However, Lieberman contends that that ratio is unusually large now -- a record 18 percent -- because of unusual factors. One factor is that credit cards increasingly are used for routine transactions that do not lead to loans, Lieberman said. About 28 percent of card holders with one of the country's largest banks promptly pay off their charge balances to avoid any finance charges, but their end-of-the-month charge balances are included in the revolving credit figures.

Another 43 percent of card holders pay off a sizable portion of their outstanding debts every month, and less than 25 percent carry large balances each month.

"This distortion is compounded by the evolution of the financial structure," Lieberman said. "Relatively few individuals possessed credit cards 30 years ago, whereas most consumers have some today, and many people have so many that their wallets wear out prematurely."

Some economists dispute Lieberman and say that the high rate of debt is keeping many consumers out of stores. Another major factor is the growth of income from higher employment and higher wages on the job.

"Income growth will be the major determinant of spending behavior in the next two years" along with a mild ups and downs in interest rates, DRI said. "With no shocks on the horizon, consumer attitudes should stage no more than a controlled retreat."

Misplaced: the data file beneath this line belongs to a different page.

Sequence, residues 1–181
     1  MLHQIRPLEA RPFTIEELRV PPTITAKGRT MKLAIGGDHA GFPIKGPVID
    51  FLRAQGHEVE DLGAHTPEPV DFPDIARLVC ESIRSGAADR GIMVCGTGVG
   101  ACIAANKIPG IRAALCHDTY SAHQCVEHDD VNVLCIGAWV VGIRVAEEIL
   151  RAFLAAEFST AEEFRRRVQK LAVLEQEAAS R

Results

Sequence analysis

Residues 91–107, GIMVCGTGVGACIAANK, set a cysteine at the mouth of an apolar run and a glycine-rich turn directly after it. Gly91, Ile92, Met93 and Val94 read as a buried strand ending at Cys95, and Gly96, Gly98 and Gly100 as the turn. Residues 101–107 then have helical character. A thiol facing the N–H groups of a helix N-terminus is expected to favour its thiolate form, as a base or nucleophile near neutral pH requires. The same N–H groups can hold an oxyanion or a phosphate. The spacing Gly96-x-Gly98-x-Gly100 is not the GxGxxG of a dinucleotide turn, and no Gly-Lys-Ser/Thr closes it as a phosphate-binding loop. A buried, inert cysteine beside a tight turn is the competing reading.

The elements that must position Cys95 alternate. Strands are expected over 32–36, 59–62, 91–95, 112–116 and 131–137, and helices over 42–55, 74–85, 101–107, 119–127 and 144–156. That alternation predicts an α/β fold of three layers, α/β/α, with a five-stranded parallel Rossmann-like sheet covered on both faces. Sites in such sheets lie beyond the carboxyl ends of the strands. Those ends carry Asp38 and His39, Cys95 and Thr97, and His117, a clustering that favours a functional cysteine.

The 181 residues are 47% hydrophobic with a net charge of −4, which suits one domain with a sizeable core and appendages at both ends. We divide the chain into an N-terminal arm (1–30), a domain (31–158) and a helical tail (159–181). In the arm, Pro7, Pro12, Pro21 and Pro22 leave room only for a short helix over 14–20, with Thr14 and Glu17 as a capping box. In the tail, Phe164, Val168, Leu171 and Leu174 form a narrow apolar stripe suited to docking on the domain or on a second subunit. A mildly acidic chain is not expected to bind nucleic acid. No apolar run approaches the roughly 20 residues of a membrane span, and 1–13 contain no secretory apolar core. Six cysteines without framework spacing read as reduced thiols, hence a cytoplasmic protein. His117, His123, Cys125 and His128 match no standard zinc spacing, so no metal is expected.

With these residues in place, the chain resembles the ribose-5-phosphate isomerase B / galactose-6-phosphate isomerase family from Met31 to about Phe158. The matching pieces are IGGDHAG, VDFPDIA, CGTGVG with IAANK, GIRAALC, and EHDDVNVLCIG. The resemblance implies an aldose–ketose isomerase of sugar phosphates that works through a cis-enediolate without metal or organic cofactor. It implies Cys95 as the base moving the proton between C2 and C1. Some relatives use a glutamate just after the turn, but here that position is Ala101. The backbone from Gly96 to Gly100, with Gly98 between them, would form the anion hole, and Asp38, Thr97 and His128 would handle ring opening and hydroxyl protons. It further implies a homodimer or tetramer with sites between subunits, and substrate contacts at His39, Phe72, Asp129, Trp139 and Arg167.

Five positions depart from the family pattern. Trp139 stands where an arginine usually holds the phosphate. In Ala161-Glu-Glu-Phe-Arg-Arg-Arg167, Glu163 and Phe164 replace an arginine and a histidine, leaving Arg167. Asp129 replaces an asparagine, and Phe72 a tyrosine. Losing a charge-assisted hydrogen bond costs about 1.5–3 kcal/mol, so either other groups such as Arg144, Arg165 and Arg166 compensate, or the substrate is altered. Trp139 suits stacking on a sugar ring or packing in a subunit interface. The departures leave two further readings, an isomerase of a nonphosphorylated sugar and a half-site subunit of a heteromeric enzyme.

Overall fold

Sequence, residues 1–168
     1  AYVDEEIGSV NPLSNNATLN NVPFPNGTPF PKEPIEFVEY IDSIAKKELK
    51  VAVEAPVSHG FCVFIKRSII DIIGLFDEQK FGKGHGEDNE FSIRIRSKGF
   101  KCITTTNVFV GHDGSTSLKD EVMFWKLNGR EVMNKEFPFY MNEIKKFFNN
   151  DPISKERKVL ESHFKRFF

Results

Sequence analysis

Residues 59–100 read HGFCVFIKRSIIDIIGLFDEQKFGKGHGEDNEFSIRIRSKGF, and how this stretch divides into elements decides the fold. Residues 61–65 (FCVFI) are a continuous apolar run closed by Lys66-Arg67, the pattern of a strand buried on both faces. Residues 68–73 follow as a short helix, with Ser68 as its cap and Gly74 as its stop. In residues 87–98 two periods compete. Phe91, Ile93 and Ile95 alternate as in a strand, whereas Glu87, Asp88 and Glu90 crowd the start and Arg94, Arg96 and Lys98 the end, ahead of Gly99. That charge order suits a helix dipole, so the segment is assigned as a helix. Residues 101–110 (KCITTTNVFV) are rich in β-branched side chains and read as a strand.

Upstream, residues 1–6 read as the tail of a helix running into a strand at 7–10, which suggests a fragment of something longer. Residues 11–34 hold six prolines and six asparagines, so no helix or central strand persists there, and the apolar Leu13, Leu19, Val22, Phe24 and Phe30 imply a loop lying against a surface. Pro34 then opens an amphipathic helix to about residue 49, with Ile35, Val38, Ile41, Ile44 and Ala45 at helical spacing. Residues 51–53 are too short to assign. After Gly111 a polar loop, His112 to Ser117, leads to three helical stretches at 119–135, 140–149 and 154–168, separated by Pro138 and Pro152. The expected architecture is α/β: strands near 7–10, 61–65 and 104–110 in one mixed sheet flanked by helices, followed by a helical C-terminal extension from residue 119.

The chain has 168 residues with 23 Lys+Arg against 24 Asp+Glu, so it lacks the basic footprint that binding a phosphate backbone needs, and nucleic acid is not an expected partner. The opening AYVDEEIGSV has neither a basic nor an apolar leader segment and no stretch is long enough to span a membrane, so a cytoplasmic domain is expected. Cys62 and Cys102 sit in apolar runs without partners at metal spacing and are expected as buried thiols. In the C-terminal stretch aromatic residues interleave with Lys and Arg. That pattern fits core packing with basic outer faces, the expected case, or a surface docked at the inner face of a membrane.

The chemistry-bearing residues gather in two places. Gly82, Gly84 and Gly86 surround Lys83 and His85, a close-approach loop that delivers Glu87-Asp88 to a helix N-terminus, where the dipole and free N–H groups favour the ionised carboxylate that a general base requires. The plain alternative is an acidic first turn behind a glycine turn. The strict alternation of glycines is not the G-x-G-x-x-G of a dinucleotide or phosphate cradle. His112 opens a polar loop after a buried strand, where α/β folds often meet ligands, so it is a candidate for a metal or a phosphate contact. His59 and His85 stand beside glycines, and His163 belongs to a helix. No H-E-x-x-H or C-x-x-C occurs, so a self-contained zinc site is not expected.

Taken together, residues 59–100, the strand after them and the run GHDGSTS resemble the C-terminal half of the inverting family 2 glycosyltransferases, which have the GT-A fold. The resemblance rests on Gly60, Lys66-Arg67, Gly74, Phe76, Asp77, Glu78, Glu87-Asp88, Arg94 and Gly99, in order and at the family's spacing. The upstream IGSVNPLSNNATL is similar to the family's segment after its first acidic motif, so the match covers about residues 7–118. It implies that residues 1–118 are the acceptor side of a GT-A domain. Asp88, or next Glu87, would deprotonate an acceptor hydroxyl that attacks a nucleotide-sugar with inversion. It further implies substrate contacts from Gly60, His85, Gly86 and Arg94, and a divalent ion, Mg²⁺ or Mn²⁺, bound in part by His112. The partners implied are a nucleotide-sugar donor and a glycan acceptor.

During the first year of the recovery, consumers concentrated their spending on big-ticket items, including cars and furniture, and home electronics such as wide-screen television sets, video cassette recorders and telephone answering machines, DRI said.

During the second year, people bought jewelry and watches, sporting goods, toys and sport supplies, and boats and airplanes. Sales of home electronics also increased "as the rising dollar encouraged the entry of inexpensive imports," DRI said.

This year, lower interest rates should help housing, furnishings and appliances. If interest rates rise this fall, spending on those goods could slow.

In the next 10 quarters, consumers will buy more services, DRI said. "Higher interest rates and small employment gains will limit both the willingness and the ability of consumers to make major durable purchases," DRI said. Sales of radios, televisions, musical instrument and sporting goods will increase, DRI said. But most of those goods are imports.